Revitalizando Tradições Budistas

Nutrindo a Fonte

“Uma atitude ecumênica ou não-sectária aos ensinamentos do Buda é tão necessária”.

– Dzongsar Khyentse Rinpoche

“Agora é hora da grande sangha Theravada se unir novamente – fazendo-o na Índia – e, assim, trazer as grandes e múltiplas bênçãos e poder dessa tradição a dar frutos na pátria do Dharma”. – Richard Dixey, diretor associado do


Projetos de Revitalização por País



Light of Buddhadharma Foundation

Tiptaka International Chanting Ceremony

Tiptaka International Chanting Ceremony

LBDFI is dedicated to revitalizing the Buddha Sasana in India. As one of its primary activities, LBDFI sponsors the annual Tiptaka International Chanting Ceremony in Bodhgaya, now in its 11th year, where Theravadin monks from 10 countries travel to Bodhgaya to chant sutras from the Pali canon. In 2014, LBDFI received two grants from Khyentse Foundation, one to support the international travel of monks who gave Dharma talks at the 10th International Chanting Ceremony, and another to support the printing of the Dhammapada that was distributed in Nagpur and Delhi.

Youth Buddhist Society

YBS Members With His Holiness Karmapa at Dharamshala

YBS Members With His Holiness Karmapa at Dharamshala

YBSA is a volunteer, nongovernmental, nonsectarian, nonprofit, and nonpolitical people’s development movement based on engaged Buddhism. Established in 1986 in Sankisa, Uttar Pradesh, India, YBS has brought about grassroots initiatives, involvement, and development of mind among thousands of villagers in India. Khyentse Foundation grants have supported a variety of YBS projects.



Dzongsar Khyentse Rinpoche visited Cambodia in 2004 and was greatly touched by the condition of monks living in makeshift structures. Deeply concerned that the Cambodian Theravadin tradition is in real danger of perishing if no effort is made to support and revive study and practice, he decided that Khyentse Foundation should help wherever possible.

Mr. Keo Vichith, field coordinator, with scholarship recipients Vens. Chamroeun Chhen, Sok Theavy, and Suy Sovann.

Mr. Keo Vichith, field coordinator, with scholarship recipients Vens. Chamroeun Chhen, Sok Theavy, and Suy Sovann.

Since 2006, KF has partnered with the Khmer-Buddhist Educational Assistance Program (KEAP) as part of our commitment to help revitalize the Theravadin Buddhist tradition in Cambodia. KEAP was established in 1988 by Peter Gyallay-Pap to address the challenges of Buddhist renewal following decades of war and social upheaval, including the near-destruction of Buddhism and all forms of religious and spiritual life. Although this renewal is surely taking place, there is still no opportunity for Buddhist postgraduate study in the country. Through KF scholarships, KEAP is sending highly qualified Cambodian monks to Sri Lanka to pursue masters’ degrees and doctorates in Buddhist Studies at some of the best Theravadin institutions for higher learning in the region. After completing their studies, the monks return to Cambodia prepared to teach both lay and monastic students.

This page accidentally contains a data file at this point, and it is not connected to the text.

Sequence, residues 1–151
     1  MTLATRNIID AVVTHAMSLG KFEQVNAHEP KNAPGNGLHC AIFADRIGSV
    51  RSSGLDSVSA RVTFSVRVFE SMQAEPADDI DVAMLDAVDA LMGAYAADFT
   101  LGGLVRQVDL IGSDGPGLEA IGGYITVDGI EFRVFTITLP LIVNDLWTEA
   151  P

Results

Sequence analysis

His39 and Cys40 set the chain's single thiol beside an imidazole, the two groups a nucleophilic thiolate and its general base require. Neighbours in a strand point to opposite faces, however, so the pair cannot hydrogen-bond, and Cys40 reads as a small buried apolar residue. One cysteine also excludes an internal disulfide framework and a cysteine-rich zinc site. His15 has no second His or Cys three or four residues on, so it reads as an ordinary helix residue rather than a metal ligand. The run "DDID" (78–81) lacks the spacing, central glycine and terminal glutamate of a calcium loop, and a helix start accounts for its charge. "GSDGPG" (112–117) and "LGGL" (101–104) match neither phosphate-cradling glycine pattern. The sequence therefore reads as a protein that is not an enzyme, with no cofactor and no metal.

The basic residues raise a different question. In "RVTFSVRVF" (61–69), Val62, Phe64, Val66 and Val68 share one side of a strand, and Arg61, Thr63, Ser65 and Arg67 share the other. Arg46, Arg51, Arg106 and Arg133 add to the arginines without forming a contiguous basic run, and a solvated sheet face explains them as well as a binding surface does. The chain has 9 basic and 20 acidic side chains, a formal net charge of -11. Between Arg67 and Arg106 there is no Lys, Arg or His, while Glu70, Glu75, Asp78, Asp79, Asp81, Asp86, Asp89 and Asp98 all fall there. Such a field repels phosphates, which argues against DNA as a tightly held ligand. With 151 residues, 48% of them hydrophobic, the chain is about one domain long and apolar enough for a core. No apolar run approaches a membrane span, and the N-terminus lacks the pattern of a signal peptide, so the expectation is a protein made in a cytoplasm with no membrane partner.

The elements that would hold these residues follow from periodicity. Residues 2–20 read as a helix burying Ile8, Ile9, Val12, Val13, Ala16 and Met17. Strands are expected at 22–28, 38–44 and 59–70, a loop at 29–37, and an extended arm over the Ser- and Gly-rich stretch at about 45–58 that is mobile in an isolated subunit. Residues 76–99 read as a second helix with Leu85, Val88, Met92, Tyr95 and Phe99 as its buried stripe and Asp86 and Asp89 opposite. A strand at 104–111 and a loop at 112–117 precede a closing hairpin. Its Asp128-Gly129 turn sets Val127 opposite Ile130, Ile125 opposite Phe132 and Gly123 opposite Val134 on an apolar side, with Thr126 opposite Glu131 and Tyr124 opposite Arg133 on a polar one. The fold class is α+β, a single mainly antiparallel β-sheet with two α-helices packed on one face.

Ven. KL Dhammajoti received a KF grant to provide Buddhist education to the young Bangladesh sangha through the Compassion Buddhist Institute.

Students and teachers at Compassion Buddhist Institute, Bangladesh.

Students and teachers at Compassion Buddhist Institute, Bangladesh.

Ven. Dhammajoti writes, “The Bangladesh Buddhists are among the most underprivileged in the Bangladesh society. The Sangha members barely have the opportunity of receiving education. The Compassion Buddhist Institute (Bangladesh) has been established to provide systematic Buddhist education for the young Bangladeshi monks and novices in order to elevate their level of understanding of the Dharma and prepare them for efficient Buddhist educational and missionary services both within Bangladesh and internationally. It is the FIRST and ONLY monastic educational institution in modern Bangladesh, and is affiliated with the Buddhist and Pali University of Sri Lanka.”


Buddhism is deeply embedded in Mongolian history and culture, but 20th century communist rule and religious purges killed many monks, destroyed most monasteries, and sent Buddhism underground. Under today’s democracy, Mongolians are able to study and practice dharma, and they are also exposed to a variety of life choices offered by religious freedom and socioeconomic changes since 1990.

Mongolian Camp group photo.

Mongolian Camp group photo.

Joint funding from Khyentse Foundation and the Santa Barbara Institute for Consciousness Studies supported Mongolia’s first Youth Buddhist Summer Camp in August 2011. The two-week camp offered 20 university students Buddhist teachings and meditation classes to make Dharma meaningful and accessible in their urban lives. The camp demonstrated to its participants that Buddhadharma is not an outdated tradition of their grandparents, but contemporary and relevant to Mongolia today.

“May the virtue accumulated from this wholesome event be a sublime cause of bliss for those who assisted and supported and a cause for generating wisdom and compassion for those who participated and a cause of happiness for those who heard and rejoiced!”

Mantendo Tradições Vivas

Muitas antigas tradições de sabedoria e linhagens correm o risco de se perderem ou quebrarem. Um pouco de apoio pode contribuir muito para manter essas tradições vivas e intactas. A FK está apoiando o estudo e a prática da tradição Manipa-Buchen em Spiti,  para ajudar na sua revivência em Ladakh, através de uma concessão a Tsewang Dorjey, cujo avô foi um dos grandes mestres desta linhagem espiritual e cultural.